CHTYCOMM 4: the battle is on to decide who should fund the Charity Commission

Charging charities fees for regulation is not just impractical and unlikely to achieve the result intended, but, more importantly, it’s a further raid by government on the generosity of donors – who don’t get a chance to object.  So why is such a profoundly flawed idea being entertained…

For the last few years it’s felt like the sector is almost at war with the Charity Commission over their plans to introduce fees for regulation. Their weapon of mass distraction has been the Chair, William Shawcross, typically during interviews with the press, highlighting their intention to do it very soon.  But thus far their weapon has lacked the warhead and the bomb has not gone off.

The latest shot across the bows is announcement at the Charity Commission’s annual public meeting that a consultation would be out by the end of January, which ended yesterday. So it looks as if it’s battle stations as we go to CHTYCOMM 4.

Why us – why now?

It’s not the Commission’s fault. Like most budgets provided by central government these days, theirs has been the victim of repeated slashing. £40m hacked away down to £21m to give you an idea of the severity. So charging charities fees isn’t so much a grand strategy,   rather it’s an act of desperation.

Why is it a bad idea?

I’ll spare you a recap of the multitude of arguments against it which have already been made by DSC in this paper and also by Charity Finance Group. Let’s focus on the logic of the proposal. It seems that charging charities fees for regulation is not in the Commission’s interest, never mind charities:

  • It’s a waste of money: It will be expensive to implement a scheme of calculating and collecting fees. It is far simpler, quicker and more cost effective to fund the Charity Commission from an imbursement from the Treasury.
  • Donor’s money being hijacked to underwrite government cuts: The cost of fees will have to, necessarily, come from the generous donations of charity supporters, many of whom are tax payers already funding the commission.
  • It’s not going to work: What happens when the Commission reports to the Treasury that it raised £5m from charities? Their budget will be cut again of course! So fees are in the Treasury’s best interest for sure. The only way for that to play out is for more fees to be charged in the future, donors paying even more to cover government cuts -a massive con:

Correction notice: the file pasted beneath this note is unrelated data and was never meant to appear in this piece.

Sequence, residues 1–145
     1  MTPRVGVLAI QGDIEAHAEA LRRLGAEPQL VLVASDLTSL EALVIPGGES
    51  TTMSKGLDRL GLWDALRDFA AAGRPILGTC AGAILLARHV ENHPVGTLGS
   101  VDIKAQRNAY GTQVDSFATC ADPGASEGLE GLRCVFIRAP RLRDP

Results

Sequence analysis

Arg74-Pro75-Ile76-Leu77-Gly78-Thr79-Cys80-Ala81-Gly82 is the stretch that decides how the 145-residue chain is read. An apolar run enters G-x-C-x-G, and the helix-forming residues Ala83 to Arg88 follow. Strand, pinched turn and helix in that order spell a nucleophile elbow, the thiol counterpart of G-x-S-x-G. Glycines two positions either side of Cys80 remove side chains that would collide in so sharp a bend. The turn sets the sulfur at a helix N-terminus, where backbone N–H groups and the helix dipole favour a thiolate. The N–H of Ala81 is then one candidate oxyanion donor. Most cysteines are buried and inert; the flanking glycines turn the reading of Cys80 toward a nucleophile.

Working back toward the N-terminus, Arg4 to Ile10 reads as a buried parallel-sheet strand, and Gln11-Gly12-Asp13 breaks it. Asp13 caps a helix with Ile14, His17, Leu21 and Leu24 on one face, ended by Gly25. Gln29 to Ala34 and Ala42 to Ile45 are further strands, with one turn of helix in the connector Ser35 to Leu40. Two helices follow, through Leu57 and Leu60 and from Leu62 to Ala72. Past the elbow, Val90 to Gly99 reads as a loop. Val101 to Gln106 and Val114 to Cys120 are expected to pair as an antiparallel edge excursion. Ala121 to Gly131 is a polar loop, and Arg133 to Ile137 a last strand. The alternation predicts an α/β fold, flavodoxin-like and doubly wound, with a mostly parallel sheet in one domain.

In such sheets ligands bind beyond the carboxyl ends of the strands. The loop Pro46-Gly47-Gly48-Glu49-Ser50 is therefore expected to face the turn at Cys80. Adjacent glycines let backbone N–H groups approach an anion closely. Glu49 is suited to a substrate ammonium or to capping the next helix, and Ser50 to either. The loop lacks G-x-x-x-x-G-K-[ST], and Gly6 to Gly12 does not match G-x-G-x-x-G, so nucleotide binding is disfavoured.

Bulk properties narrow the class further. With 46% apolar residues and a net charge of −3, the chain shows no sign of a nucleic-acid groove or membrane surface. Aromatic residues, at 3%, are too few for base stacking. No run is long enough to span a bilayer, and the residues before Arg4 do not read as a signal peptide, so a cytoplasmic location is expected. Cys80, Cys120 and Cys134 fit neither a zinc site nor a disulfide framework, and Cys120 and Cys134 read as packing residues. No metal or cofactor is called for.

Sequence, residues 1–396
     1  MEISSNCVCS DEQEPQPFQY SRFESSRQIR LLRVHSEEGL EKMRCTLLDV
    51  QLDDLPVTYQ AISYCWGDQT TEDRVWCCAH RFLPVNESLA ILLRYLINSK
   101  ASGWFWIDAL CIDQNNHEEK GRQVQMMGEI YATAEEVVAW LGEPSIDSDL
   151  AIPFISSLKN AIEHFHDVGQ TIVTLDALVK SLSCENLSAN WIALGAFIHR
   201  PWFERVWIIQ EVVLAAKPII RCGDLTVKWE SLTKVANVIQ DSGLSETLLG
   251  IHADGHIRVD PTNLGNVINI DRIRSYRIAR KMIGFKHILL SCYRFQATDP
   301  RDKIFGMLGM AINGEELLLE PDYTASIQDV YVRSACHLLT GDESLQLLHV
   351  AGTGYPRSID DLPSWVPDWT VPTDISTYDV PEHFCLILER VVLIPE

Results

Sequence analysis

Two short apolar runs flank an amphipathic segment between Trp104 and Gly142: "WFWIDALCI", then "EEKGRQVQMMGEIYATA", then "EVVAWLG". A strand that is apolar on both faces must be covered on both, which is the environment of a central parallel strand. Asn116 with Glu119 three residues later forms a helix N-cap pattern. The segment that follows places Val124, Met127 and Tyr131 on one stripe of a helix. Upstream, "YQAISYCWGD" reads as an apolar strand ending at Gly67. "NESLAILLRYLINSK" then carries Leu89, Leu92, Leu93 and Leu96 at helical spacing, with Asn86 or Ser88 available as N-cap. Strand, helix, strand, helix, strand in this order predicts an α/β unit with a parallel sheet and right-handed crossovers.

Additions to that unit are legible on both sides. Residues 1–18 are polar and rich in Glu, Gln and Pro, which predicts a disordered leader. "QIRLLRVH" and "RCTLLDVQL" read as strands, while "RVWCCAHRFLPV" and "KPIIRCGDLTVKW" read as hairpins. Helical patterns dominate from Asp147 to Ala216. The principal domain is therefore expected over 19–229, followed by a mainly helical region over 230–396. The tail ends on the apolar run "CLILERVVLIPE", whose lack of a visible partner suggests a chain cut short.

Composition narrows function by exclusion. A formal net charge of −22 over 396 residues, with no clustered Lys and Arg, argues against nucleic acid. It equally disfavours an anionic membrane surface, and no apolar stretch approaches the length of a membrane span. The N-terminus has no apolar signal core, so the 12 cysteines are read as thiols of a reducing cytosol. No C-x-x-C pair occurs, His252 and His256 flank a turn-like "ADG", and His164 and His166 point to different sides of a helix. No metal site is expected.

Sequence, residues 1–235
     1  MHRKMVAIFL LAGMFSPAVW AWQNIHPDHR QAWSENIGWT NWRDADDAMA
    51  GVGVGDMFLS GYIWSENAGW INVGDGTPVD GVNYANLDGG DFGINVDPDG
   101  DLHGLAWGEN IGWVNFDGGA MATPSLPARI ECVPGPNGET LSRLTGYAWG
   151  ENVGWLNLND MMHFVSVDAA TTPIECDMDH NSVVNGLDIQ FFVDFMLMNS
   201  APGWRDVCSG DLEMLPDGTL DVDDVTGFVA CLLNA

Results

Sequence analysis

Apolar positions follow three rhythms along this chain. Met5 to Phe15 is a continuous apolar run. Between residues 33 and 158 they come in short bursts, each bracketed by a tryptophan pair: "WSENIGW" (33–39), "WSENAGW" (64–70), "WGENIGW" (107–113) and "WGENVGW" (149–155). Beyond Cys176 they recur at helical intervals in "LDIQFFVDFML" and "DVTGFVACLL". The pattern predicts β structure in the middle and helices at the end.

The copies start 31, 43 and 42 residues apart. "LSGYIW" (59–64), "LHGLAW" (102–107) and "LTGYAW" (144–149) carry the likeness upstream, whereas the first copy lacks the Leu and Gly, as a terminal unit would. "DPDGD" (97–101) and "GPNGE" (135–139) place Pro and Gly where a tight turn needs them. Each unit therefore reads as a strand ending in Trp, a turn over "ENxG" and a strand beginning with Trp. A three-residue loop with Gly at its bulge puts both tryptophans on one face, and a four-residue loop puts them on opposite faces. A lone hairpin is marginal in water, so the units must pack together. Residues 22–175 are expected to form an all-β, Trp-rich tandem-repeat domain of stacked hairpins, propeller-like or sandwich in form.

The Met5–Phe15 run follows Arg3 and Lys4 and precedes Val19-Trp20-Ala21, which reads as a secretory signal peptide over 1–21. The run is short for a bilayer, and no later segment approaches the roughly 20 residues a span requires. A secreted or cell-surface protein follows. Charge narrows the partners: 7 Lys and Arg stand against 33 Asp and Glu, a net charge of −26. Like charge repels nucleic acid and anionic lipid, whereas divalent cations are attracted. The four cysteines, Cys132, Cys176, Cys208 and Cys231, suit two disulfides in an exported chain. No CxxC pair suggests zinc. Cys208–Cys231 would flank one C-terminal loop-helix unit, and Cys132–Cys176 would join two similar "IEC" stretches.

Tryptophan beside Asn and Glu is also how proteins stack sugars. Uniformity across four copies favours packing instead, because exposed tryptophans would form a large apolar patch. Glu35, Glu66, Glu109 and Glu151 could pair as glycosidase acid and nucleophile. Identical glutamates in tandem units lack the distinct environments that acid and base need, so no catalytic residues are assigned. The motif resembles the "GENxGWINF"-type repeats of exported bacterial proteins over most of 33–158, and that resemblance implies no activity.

What’s making them think it’s a good idea?

The Commission’s arguments so far have featured number of angles:

  • ‘The bloke in the bar’ approach: at the Commission’s annual public meeting in January William Shawcross told a baffled looking audience that on his way into the room two charity sector ‘leaders’ told him charging charities is a good idea. How is this representative of hundreds of thousands of registered charities? It isn’t. He didn’t ask our charity leader, Debra Allcock Tyler and she thinks it’s a terrible idea.
  • ‘The public’ knows best: In 2015 the Commission’s annual study into public trust and confidence found that a whopping great 69% of ‘the public’ think charities should pay for regulation. The same survey showed that only 47% of the population have ever actually heard of the Commission. Hmm…
  • Other regulators do it: Sure they do! And they tend to charge fees to people and organisations that work to make a profit. Charities exist for the public benefit, they serve the community, not the private interests of individuals. Many charities are funded by the generosity of donors who are giving to a cause, not to subsidise the Treasury’s coffers.

What’s the solution?

Simple.  The government is not doing charities a favour by footing the bill of the regulator. Charities save the taxpayer billions of pounds every year and make up for so many of the State’s failings, making it appear better than it actually is. There’s not a single person in the country who has not, is not, or will benefit from the work of a charity and it’s not asking for a lot for the Treasury to continue funding the regulator- it’s a sound investment.

At the annual public meeting Angelica Finnegan from Charity Finance Group asked if the Commission will be consulting on greater Treasury funding as an alternative to introducing fees. The answer was essentially “austerity! There’s no point”.  So if the Commission was making the case for Treasury funding, it seems to have given up.

But why is the Minister for Civil Society, Rob Wilson, not standing up for the Commission? If he is he’s keeping very quiet about it. Why is he seemingly allowing his area of responsibility to be so rightly done-over without challenging it?

We must loudly make the case to Mr. Wilson, the government, the Treasury, the public, anybody who will listen (or won’t), that State funding of the Charity Commission is hugely advantageous. You can start by signing and sending this letter. But you can tweet, email, shout, sing, draw, picket, protest, do whatever it takes to make the point loud and abundantly clear.

For the love of people and animals in need, for the sake of the lonely, the broken, the vulnerable, the poor and for the values of charitable giving – do not let the Treasury force the Charity Commission down this route.



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